It was the kind of email that cuts to the chase. Having been relatively effusive so far in my praise of the KTM 1050 Adventure, a reader got in touch with a simple question: ‘Is it worth two grand more than a V-Strom 1000?’
I should think it’s a question many potential owners of KTM’s entry-level adventure bike have asked themselves since the bike was launched back in spring, and it deserves exploration. At just a fiver short of 11 grand, the 1050’s pricetag is high in terms of entry-level bikes. Of Suzuki’s four V-Strom variants, none exactly matches the KTM’s core spec, but add a pair of handguards (£50) and sump guard (£150) to a base V-Strom (£8999) and you’re pretty close, for a total outlay that’s £1800 lower.
To look at the comparison as thoroughly as possible, I spent two weeks with a V-Strom 1000 and also loaned my KTM to our Web Producer, Liam Marsden. Liam spent 2014 covering 17,000 miles on a Strom and was in a good position to help me draw comparisons between the two bikes.
It takes very little time in the saddle to find the differences between the two bikes. The throttle action on the Suzuki is considerably heavier than the KTM's, which is actually a good thing as the power delivery is far more instant. The KTM takes a little while to get going, with its post-5000rpm powerband making more demands of the rider’s gear-changing foot. The Suzuki comes to life much more immediately, an easy and flexible power delivery making it possible to leave the bike in a taller gear as you know the engine is capable of pulling it.
On paper there’s little between the 95bhp KTM and 100bhp Suzuki, but that 5% makes a difference. The KTM is held back to 95bhp so riders on A2 licences can have one restricted to 47bhp, but there’s no such concession on the V-Strom and the extra power does mean a more flexible engine.
On the move the V-Strom immediately feels more cumbersome than its orange rival, even though the claimed weight is 2kg less than the KTM. There’s a more substantial feel to the Suzuki, which is a good thing when rolling along in a straight line, but not such a boon when it needs deflecting into a corner. The KTM has the Suzuki licked for handling, with less effort needed to turn in and an easier feeling through and exiting corners.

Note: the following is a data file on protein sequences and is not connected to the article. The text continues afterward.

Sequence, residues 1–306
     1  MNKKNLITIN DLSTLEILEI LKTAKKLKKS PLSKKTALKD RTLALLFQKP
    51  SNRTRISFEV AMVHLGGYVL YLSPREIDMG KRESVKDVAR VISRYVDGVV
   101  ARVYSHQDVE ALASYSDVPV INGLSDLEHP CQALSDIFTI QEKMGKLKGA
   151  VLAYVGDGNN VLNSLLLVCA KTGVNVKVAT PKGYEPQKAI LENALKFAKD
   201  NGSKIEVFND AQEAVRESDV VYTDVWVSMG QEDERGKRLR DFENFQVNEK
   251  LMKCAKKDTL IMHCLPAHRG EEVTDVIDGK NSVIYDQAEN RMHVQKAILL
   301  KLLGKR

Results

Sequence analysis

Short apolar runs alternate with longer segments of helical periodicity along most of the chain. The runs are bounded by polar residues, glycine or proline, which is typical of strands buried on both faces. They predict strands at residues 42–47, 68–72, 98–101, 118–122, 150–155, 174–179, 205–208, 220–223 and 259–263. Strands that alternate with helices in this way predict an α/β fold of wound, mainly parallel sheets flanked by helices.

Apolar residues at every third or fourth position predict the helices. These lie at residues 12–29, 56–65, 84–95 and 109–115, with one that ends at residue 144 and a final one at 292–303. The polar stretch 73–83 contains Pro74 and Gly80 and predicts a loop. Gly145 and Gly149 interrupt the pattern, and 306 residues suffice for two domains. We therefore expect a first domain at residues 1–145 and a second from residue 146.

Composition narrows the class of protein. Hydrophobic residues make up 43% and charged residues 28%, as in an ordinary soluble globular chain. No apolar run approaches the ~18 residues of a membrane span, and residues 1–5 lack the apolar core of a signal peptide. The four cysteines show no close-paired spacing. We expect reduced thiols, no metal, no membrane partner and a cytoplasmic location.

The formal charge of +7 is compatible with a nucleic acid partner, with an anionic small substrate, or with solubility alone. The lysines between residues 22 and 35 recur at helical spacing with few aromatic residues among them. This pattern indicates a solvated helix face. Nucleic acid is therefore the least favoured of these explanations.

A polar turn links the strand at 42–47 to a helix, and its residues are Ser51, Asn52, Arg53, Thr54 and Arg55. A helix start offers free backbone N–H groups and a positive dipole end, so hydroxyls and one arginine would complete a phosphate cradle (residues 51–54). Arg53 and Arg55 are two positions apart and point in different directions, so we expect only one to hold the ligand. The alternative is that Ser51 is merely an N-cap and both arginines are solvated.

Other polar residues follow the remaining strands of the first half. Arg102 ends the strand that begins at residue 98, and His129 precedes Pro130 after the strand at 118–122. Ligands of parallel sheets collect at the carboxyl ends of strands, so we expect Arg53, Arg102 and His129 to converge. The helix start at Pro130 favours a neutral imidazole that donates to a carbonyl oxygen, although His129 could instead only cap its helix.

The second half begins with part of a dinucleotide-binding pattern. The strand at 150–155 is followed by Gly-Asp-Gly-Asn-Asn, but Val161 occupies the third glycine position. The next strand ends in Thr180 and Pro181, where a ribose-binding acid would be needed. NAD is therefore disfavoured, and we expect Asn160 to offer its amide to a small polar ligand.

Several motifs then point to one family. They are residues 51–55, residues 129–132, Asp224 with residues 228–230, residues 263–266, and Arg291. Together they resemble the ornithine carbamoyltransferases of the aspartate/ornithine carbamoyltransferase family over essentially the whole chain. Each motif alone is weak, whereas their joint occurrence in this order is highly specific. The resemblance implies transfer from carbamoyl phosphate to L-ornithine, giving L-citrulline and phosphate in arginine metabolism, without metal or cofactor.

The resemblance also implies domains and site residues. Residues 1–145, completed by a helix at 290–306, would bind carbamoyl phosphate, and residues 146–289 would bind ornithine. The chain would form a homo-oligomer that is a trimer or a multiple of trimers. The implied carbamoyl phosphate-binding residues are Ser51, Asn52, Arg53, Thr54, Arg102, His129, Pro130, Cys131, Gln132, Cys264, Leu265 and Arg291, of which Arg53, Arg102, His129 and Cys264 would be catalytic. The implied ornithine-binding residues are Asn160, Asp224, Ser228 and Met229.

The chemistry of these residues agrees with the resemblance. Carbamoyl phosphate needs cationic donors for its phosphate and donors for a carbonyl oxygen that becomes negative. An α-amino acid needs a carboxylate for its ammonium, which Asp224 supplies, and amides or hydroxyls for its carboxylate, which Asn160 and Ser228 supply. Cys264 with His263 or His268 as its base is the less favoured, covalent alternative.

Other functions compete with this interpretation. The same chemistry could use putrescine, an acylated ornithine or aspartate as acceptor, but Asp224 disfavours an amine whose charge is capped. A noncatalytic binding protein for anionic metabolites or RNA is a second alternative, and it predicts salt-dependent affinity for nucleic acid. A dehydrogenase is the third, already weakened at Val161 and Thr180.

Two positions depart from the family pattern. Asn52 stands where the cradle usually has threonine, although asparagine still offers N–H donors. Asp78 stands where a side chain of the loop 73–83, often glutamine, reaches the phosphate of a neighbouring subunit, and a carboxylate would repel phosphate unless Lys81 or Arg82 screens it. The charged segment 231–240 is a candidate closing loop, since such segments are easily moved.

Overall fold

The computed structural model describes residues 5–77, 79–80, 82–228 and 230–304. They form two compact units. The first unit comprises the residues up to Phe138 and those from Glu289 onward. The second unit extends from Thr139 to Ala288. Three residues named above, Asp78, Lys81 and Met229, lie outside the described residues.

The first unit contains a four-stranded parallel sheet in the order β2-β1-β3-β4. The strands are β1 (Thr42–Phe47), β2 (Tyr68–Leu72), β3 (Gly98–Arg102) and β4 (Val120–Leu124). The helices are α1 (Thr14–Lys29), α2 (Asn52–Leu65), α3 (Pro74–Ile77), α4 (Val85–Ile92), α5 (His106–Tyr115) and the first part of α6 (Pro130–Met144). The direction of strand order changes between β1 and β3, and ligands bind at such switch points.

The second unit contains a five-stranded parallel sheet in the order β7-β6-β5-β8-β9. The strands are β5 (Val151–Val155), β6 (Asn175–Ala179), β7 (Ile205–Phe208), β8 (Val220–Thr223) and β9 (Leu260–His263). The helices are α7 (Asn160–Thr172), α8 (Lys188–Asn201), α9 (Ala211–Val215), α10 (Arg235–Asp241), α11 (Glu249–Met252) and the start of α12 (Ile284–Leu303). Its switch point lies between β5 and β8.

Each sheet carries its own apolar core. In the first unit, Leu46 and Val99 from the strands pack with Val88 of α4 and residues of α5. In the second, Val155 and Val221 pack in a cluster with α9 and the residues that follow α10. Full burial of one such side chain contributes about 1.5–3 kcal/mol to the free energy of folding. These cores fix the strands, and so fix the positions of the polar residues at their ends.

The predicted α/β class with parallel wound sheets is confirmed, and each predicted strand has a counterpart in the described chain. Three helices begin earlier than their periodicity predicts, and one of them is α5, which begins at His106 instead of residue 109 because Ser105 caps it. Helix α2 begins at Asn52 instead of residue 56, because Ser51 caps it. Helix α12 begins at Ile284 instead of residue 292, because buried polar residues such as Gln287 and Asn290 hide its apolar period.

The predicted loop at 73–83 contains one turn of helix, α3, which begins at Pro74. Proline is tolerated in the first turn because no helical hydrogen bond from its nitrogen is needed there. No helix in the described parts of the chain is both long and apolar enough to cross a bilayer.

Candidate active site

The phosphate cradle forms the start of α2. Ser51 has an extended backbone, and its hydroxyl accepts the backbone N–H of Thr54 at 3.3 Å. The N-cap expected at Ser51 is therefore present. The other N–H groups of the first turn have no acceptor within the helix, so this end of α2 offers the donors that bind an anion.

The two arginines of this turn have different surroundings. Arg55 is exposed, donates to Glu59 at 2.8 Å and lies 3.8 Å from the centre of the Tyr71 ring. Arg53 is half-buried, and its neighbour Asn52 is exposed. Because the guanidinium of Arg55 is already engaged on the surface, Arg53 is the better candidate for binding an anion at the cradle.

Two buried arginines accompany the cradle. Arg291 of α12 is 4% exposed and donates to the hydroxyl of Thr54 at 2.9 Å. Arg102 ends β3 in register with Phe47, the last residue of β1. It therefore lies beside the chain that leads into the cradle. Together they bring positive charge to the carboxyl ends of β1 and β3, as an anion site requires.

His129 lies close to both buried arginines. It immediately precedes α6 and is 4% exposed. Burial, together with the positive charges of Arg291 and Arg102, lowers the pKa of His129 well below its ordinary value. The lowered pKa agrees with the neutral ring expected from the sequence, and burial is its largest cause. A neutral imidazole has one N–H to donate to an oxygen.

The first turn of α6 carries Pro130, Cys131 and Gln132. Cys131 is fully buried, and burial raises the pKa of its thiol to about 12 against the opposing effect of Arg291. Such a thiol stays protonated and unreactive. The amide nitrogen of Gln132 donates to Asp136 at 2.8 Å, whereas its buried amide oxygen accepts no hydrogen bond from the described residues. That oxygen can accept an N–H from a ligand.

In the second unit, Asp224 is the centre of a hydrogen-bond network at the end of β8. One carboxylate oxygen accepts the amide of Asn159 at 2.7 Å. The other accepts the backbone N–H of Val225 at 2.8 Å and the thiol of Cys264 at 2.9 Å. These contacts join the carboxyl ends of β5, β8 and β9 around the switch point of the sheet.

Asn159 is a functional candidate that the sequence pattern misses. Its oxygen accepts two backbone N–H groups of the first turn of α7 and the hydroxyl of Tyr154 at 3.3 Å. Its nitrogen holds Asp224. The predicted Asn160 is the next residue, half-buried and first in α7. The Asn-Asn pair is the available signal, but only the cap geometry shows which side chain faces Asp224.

There’s little between the two in terms of comfort and I’ve covered 150-mile stints on both bikes with no troubles at all. The KTM needs to be more comfortable than its counterpart as it carries an extra three litres of unleaded, giving another 30 miles of range (with a similar rider, fuel economy returns were similar at 47mpg). But you’ll need to be brave to get those extra 30 miles from the 1050 as its fuel range countdown is a bit batty and hits zero when there’s still around three litres in the tank. The countdown on the Suzuki is far more accurate and believable than the erratic KTM system.
In terms of electronic rider aids, the KTM has three rider modes that alter the power and throttle response. Rain mode makes the KTM so gutless it could only be meant for people so clumsy that they’d trip over the doorstep before ever getting near a bike, while Sport mode is a bit too snappy when combined with the light throttle action. In the middle sits Street, which is responsive enough for overtakes and soft enough to be perfectly manageable on wet roads. The Strom has no rider modes, but its traction control settings can be altered to make the system cut in earlier or later to suit road conditions.
Overall, the KTM is playing a different game to the Suzuki – which makes it hard to answer the question of whether it’s worth an extra two grand. For less demanding riding over long distances the V-Strom is a better bike. For those who want something with a bit more vigour and capable of injecting more life into the ride, the 1050 is best.
Both Liam and I personally preferred the KTM for being more lively and invigorating than the slightly stodgy Suzuki. As for value, I think it’s the V-Strom that delivers. KTM has run a £1000 cashback offer and dealer incentives that throw in panniers with a 1050 this summer, which suggests they know it’s overpriced. The KTM is a corking bike, but it doesn’t deliver enough to demand 11 grand.